How do I safely clean my boots and backpack?

I need gear-cleaning advice. My Vasque Breeze XCR light hikers are caked in mud, and my North Face Fusion backpack has a moldy odor. How do I clean these items without ruining them? Lilly New Haven, Connecticut


Part one is pretty easy. Simply wash off the boots with warm water and a soft brush. Scrub them lightly to get grit and sand out of the seams or other places where embedded dirt could grind away at the boots. Rinse the interiors to remove sweat, which has an acidic component that can damage the boot lining.

Granger’s G-Wax


After the boots are clean, allow them to dry thoroughly at room temperature. It’s best not to put them in the hot sun or near a heater, as that may dry out the nubuck leather patches on the boot. Once the boots are dry, you can give them a treatment such as Granger’s G-Wax ($8.50; to add some water-repellency to the outers while also conditioning the leather patches.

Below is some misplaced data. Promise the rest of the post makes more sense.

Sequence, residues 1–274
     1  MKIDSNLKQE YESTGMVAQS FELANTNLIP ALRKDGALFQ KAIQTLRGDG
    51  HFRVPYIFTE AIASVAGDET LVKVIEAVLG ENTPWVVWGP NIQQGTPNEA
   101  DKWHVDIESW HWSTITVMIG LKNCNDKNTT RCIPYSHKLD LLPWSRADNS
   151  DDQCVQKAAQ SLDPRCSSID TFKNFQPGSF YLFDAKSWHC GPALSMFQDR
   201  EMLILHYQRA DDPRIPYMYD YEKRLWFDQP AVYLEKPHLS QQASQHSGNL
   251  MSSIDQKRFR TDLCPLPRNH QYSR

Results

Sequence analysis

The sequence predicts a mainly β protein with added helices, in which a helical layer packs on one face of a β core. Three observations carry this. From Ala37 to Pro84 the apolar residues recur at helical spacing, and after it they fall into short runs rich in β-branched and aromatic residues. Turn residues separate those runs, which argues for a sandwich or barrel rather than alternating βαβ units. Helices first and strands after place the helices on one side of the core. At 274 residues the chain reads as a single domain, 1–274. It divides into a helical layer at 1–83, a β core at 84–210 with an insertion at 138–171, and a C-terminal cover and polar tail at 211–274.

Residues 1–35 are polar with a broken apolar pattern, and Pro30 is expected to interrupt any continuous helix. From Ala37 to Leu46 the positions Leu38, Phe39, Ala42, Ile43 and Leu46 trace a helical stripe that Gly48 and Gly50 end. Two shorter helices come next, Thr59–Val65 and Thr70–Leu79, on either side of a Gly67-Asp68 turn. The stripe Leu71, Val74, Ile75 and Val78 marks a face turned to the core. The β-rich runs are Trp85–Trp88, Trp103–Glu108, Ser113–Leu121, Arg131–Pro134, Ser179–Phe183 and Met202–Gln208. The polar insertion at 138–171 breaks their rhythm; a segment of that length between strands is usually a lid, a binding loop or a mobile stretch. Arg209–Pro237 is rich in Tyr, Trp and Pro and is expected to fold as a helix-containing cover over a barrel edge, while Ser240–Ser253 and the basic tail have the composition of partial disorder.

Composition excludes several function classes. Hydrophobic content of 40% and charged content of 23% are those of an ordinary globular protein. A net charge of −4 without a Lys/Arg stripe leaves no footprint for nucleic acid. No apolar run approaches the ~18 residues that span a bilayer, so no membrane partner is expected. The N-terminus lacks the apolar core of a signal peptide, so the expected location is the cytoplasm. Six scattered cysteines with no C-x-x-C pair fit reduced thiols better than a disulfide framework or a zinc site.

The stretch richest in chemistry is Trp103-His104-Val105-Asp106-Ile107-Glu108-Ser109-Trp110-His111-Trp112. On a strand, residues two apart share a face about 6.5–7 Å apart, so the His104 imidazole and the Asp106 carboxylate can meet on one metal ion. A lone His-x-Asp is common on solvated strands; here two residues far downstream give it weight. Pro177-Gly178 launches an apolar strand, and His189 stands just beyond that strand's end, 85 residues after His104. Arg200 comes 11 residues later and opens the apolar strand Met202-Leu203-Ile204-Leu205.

Cleaning The North Face’s Fusion pack—a model no longer made—is a little more difficult. It sounds like it got put away damp and maybe a little dirty, and now you have mildew. Start by half-filling a bathtub or large plastic muck bucket with warm water, then add a few squirts of Dawn detergent and a cup or two of Simple Green cleaner ( Dunk the pack in that solution and agitate it thoroughly for three or four minutes. Then rinse it out well, shake it off, and put it in a warm, dry place so it can thoroughly dry.

That ought to kill the mildew and deodorize the pack. But, mildew is very hard on the packcloth, so I won’t guarantee there isn’t some actual damage to the pack. It should, however, be good for a few more years.

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Filed To: Extended-Trip BackpacksHiking Boots
Lead Photo: courtesy, Granger